Preferential voting and political engineering: A comparative study
Reilly, B. (1997) Preferential voting and political engineering: A comparative study. The Journal of Commonwealth & Comparative Politics, 35 (1). pp. 1-19.
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The preferential voting system used in Australia has received limited attention there in recent times, but considerably more interest internationally, where it is often known as the ‘alternative vote’. While the academic literature also usually refers to the ‘alternative vote’, this article will follow the local nomenclature of most of the countries cited — including Australia, Papua New Guinea and Sri Lanka — where the terms ‘preferential vote’ and ‘preferential voting’ are invariably used. The article begins by giving a brief overview of the history of preferential voting in Australia (where it has been a feature of national elections to the House of Representatives since 1918) and the abortive attempts to introduce the system in Great Britain and New Zealand. It examines the ‘political engineering’ potential of the preferential vote, including the claims made for preferential voting with regard to the new South Africa and the robust debate on the merits of preferential electoral systems that has taken place in Papua New Guinea, Sri Lanka and Fiji. It concludes by identifying a range of possible advantages that preferential voting may have in comparison to other majoritarian electoral systems such as first-past-the-post, particularly for divided societies.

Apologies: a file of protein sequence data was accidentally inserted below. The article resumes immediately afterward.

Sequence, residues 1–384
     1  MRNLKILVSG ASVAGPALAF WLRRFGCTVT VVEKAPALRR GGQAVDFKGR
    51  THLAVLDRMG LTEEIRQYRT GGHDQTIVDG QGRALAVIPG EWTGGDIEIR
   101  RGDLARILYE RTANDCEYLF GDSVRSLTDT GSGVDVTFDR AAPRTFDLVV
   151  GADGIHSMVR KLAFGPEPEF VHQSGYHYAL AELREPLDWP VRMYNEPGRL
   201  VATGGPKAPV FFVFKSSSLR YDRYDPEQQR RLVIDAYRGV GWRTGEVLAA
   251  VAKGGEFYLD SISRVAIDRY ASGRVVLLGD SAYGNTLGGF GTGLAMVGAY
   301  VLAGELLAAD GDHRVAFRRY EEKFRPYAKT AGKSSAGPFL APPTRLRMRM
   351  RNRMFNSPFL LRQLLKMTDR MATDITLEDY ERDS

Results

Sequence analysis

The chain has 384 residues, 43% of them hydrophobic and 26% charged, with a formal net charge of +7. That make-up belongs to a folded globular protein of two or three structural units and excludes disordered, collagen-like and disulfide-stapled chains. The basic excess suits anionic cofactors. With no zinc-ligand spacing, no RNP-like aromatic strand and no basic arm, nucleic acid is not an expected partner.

|Publication Type:||Journal Article|
|Publisher:||Frank Cass, London; Taylor and Francis|
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